By Kathy Bouchard
The recently formed Sustainability Committee of the Rotary Club of Big Sky has set a goal to “create the world’s best sustainable community through partnering with Big Sky residents and organizations.” With this in mind, we have set about to explore some green questions regarding Big Sky and its place in a sustainable future. This first exploration regards a sunny exposition of the opening question: “Why aren’t there more solar panels in Big Sky?
A number of incentives exist for installing solar panels. A 30 percent federal tax credit for residential and commercial installation expires in December, to be replaced by 26 percent in 2020, 22 percent in 2021, and finally only 10 percent for commercial projects only the following year. There is no sales tax in Montana, and there is a state tax credit available for those making enough income to qualify. According to www.solarpowerrocks.com, installing solar panels on your home increases its value up to 20 times your annual energy bill. Montana also grants a property tax exemption for 100 percent of that gain for 10 years. Such are the financial incentives to ponder whether paid up front or with a loan. So why aren’t there more panels in Big Sky?
I asked the only person I know in Big Sky who installed solar panels when he built his home in my neighborhood a few years ago. He loves having five months of insignificant power bills, and the credits he amasses in the summer, selling his surplus back to the grid, roll month-to-month. They are unceremoniously erased in January, costing him, my neighbor estimates, about a month’s worth of power. By then the array is under snow and things don’t start humming along again until May.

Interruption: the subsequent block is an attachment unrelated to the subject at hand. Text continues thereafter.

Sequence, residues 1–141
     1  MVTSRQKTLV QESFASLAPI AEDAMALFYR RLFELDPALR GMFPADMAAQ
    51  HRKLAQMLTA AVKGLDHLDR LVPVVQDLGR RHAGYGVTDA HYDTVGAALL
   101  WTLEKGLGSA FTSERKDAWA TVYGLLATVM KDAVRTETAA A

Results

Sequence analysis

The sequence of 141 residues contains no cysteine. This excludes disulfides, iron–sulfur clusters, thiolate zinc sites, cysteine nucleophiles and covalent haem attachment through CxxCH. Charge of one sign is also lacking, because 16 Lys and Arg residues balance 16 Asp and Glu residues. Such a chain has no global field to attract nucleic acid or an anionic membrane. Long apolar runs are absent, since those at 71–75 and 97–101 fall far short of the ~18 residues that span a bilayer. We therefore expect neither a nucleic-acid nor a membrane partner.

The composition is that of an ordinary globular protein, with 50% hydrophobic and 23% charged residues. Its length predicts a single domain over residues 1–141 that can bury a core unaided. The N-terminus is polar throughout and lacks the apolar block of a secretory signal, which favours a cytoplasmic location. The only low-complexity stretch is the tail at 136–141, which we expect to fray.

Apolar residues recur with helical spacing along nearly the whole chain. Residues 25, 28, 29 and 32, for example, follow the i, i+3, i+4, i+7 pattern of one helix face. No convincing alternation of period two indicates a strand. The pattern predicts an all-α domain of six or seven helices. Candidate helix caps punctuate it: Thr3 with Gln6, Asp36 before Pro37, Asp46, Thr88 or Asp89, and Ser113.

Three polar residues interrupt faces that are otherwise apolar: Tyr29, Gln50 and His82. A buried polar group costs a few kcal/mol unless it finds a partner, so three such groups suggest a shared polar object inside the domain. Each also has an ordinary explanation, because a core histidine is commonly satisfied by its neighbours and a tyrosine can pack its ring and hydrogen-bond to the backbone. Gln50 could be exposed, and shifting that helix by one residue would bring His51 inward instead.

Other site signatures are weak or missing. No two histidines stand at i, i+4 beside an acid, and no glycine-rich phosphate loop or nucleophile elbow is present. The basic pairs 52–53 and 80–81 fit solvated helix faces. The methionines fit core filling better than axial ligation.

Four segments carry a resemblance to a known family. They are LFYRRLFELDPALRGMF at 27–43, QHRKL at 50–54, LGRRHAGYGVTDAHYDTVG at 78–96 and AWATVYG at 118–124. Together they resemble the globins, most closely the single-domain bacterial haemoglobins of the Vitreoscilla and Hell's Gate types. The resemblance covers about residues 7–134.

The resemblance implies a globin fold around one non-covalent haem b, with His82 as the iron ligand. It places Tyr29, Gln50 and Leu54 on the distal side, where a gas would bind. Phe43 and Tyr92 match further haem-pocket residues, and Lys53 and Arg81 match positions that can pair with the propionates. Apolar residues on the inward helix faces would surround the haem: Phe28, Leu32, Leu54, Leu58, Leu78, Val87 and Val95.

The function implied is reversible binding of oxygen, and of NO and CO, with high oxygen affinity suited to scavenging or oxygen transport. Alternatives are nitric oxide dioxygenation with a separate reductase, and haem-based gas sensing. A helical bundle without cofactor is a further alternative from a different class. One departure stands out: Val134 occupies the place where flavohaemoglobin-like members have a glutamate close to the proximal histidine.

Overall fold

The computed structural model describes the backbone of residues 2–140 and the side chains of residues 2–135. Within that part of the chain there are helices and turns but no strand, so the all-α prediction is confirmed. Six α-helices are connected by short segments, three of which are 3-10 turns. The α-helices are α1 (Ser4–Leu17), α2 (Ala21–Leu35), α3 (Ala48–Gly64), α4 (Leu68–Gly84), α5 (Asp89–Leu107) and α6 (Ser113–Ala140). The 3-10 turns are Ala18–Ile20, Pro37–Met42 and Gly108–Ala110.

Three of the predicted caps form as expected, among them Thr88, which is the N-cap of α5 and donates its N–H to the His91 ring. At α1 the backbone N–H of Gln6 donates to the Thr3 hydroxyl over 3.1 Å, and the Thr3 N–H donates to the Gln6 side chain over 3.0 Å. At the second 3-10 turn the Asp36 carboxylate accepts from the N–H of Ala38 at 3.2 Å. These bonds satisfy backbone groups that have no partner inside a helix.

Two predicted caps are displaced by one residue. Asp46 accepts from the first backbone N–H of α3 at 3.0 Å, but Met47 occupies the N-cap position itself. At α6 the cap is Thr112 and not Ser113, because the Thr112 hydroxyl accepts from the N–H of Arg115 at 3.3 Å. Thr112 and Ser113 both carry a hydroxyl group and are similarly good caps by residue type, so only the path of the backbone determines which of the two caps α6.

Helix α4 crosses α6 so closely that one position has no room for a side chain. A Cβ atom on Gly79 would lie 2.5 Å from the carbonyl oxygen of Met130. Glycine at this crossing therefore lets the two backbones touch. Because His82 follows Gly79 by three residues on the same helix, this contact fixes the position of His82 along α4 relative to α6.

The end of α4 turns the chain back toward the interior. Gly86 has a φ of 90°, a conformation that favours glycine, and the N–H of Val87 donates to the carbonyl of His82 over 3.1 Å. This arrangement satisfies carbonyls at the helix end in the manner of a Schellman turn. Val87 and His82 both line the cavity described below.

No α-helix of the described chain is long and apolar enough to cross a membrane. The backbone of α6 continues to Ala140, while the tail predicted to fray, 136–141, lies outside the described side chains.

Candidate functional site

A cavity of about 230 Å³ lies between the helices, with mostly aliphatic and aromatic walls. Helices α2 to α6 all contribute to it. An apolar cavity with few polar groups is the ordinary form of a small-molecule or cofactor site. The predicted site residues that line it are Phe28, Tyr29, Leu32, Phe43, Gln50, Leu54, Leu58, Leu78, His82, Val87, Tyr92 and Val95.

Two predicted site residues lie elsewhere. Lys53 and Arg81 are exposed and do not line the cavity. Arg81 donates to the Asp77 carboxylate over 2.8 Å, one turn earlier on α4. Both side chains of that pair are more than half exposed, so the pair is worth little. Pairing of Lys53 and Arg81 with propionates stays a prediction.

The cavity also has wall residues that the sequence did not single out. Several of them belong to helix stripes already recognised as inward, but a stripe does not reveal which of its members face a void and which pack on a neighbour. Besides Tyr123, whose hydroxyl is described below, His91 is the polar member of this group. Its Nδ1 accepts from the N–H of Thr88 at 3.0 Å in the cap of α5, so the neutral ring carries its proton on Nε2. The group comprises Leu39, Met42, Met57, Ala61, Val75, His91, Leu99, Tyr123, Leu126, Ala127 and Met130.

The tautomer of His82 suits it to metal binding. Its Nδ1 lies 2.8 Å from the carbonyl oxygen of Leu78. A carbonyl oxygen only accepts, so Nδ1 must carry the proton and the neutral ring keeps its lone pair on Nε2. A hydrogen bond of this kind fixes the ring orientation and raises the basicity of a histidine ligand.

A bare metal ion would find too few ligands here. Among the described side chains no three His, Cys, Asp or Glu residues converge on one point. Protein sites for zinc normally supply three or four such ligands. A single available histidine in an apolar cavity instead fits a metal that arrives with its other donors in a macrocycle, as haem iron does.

Montana has the ninth cheapest electricity in the nation at about 11 cents/kWh. This cheap price usually indicates power production generated by burning coal. An externality is a cost of production not born by the producer, often having the effect of artificially reducing the cost to the consumer. The externalities of coal production include toxic coal ash, air and water pollution, and huge carbon emissions. As Montana and the rest of the country wrestle with these problems, the safe bet is that the price of electricity generated using coal will only go up. Maybe a lot.
Along with his roof-mounted solar array, my neighbor also installed two solar water-heating panels. That means “free” hot water all summer long, aided by day-timed use of dishwashers and laundry to further take advantage of the cyclically heated water. He says he loaded the front end cost of construction (which included sustainably manufactured lumber, high efficiency windows, and automatic window shades to preserve heat in winter and cool in summer) so he could enjoy diminished power bills over time. An ordinary solar installation costs about $20,000 without incentives or rebates. His solar array is larger than typical to cover the needs of a large shop. While the return hasn’t been quite up to original expectations, when asked “Would you do it again?” a hearty “Yes!” was the response.
For more information visit www.solarpowerrocks.com or call any of the Bozeman-based solar installers listed below that:
Harvest Solar MT
Independent Power Systems
Liquid Solar Systems
Thirsty Lake Solar